Siemens Said to Mull Sale of Flagship Gas Turbine Business
(Bloomberg) -- Siemens AG is considering strategic options including a potential sale of its struggling business that makes large gas turbines for power plants, according to people familiar with the matter.
The German engineering company is looking at all possibilities, such as a combination with a rival, for what was once a flagship operation within the power and gas division, said the people, who asked not to be identified because the discussions aren’t public. They cautioned that no final decision has been made and the company could end up weathering a downturn and keeping the business.
A spokesperson for Siemens said the company doesn’t comment on market speculation. It also doesn’t break out earnings for the large gas turbine activity. Berenberg analyst Simon Toennessen put revenue this year at 5.5 billion euros ($6.5 billion) and said a sale would be the “best outcome for shareholders.”
Siemens shares rose 2.7 percent to 118.96 euros at 4:29 p.m. in Frankfurt, giving a market value of 101.1 billion euros.
The deliberations come after Siemens unveiled a plan in November to cut 6,900 jobs at the power and gas division and close some factories. The unit, which produces giant turbines in Berlin, Charlottesville, Virginia and Finspong, Sweden, has suffered from a collapse in orders as the global energy industry shifts to renewable sources like wind and solar and away from large-scale power plants that run on fossil fuels. Finding a buyer may not be easy as competitors face similar issues.
General Electric Co., a market leader alongside Siemens, is mired in a deep slump largely because of a deterioration in its own power-generation business. The Boston-based company recently announced 12,000 layoffs in the unit and said the market for gas turbines will remain “soft” for several years. GE is weighing bigger changes as well, including a possible breakup that could separate the power business into a standalone entity.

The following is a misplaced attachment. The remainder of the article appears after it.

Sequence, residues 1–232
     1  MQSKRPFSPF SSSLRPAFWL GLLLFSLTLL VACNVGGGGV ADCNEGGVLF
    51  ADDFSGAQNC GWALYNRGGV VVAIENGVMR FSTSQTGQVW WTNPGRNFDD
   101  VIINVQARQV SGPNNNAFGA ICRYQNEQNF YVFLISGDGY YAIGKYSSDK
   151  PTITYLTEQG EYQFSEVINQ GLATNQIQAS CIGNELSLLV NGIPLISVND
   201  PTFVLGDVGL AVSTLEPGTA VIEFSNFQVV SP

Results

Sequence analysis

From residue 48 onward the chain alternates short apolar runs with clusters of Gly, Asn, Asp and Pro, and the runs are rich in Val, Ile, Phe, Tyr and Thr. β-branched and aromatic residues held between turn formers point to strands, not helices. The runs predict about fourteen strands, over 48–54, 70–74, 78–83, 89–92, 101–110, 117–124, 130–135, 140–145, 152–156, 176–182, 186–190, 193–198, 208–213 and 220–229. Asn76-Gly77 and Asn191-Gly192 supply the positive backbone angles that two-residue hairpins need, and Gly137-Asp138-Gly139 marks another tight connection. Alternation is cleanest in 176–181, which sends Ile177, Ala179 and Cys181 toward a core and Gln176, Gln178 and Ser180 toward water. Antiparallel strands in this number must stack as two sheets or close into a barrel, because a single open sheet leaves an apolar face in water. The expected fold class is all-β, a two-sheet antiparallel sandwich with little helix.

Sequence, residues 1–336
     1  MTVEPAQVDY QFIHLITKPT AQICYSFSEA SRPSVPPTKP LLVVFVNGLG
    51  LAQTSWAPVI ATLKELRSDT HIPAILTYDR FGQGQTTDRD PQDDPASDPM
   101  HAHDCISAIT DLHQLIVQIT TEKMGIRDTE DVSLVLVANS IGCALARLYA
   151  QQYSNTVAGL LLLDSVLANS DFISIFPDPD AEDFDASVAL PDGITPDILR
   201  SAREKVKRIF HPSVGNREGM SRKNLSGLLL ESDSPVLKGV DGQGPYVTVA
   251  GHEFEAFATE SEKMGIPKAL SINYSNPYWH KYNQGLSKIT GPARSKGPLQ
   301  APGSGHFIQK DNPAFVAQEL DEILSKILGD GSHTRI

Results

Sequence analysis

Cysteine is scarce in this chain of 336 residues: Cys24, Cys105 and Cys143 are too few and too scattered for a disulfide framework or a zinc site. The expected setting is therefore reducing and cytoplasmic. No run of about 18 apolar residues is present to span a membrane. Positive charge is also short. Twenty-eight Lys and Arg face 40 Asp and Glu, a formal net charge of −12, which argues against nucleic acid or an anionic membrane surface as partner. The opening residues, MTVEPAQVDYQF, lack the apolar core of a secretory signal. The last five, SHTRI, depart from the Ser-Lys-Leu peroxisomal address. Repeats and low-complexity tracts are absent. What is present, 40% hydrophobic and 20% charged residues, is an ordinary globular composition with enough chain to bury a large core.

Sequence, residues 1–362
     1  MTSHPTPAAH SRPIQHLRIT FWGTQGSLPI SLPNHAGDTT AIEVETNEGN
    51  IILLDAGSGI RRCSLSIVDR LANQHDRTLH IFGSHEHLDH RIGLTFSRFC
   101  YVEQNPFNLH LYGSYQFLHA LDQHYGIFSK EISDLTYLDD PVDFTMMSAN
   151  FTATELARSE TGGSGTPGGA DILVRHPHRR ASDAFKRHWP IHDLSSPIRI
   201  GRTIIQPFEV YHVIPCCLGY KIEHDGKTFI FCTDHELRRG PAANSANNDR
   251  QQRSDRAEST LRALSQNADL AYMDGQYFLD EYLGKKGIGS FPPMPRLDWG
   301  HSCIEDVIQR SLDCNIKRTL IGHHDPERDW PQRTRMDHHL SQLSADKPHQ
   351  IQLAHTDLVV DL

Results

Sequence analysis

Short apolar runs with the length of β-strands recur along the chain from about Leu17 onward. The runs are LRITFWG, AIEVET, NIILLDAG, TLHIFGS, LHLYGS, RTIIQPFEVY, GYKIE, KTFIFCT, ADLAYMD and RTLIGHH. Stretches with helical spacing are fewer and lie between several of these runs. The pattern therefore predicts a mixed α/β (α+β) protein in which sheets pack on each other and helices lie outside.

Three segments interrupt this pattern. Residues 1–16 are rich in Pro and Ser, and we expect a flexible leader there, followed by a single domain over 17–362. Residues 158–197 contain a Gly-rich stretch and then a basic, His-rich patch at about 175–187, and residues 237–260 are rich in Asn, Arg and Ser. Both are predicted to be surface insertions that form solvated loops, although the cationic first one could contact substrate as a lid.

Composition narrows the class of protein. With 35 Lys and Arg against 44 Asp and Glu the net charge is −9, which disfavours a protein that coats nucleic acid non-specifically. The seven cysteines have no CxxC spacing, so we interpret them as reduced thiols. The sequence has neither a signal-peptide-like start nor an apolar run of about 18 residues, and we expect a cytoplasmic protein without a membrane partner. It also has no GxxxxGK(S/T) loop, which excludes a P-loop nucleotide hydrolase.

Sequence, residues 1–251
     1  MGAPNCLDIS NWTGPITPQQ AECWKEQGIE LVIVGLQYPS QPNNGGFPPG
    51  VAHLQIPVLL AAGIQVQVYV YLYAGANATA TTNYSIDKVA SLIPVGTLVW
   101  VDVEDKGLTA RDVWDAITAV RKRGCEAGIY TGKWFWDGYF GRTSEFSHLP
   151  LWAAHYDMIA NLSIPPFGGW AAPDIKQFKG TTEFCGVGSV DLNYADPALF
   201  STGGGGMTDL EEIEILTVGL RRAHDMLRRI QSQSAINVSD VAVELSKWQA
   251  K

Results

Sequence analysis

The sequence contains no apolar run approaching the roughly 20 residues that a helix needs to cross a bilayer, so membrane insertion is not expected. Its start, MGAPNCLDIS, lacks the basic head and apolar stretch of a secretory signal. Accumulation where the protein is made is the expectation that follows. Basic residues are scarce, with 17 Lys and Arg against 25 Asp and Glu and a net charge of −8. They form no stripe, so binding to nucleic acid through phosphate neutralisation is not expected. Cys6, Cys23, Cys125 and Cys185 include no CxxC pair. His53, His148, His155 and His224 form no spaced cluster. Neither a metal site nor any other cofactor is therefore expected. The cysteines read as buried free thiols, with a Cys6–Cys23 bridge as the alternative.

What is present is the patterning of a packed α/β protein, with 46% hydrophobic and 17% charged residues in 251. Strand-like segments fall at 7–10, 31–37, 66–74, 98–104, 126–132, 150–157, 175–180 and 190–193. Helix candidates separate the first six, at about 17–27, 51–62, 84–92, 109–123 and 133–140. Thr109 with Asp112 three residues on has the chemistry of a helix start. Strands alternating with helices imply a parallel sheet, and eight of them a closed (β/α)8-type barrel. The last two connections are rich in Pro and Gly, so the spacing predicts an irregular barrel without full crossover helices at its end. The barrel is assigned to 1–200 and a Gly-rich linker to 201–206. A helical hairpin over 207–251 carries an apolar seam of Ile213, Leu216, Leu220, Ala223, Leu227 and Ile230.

Siemens Chief Executive Officer Joe Kaeser has previously said in interviews that the turbine activity isn’t part of the company’s future “industrial core.” That’s a reversal for a business that once held pride of place, with Siemens regularly taking visiting dignitaries on tours of the Berlin factory.
The executive has merged or spun off other units deemed to be on the periphery, including combining the train business with French competitor Alstom SA, and hiving off the health-care division in an initial public offering.
“A sale of the gas turbine business would be consistent with previous divestments of assets in wind and rail,” Morgan Stanley analyst Ben Uglow said in a note. The disposals would be “highly significant from a valuation standpoint.”
Siemens Chief Financial Officer Ralf Thomas told investors in March that he expects the market for large gas turbines to fall to 100 units in 2018, 10 percent less than the company had previously expected, according to analyst notes about the event.
The outlook for the global turbine business has faded since 2014 when GE and Siemens sparred over the fate of Alstom. Siemens tried to scuttle GE’s move on the French manufacturer’s energy assets with an offer to carve them up in partnership with Japan’s Mitsubishi Heavy Industries Ltd. and Hitachi Ltd.
Under the failed bid, Siemens offered 3.9 billion euros for Alstom’s gas turbine operations while the Japanese companies would have paid 3.1 billion euros for stakes in the steam-turbine, power-grid and hydrobusinesses.
Now, after the tables have turned, the potential acquirers for Siemens’s large turbine business, according to Berenberg’s Toennessen, are Mitsubishi Heavy, which could raise antitrust concerns with GE, or Shanghai Electric Group Co.
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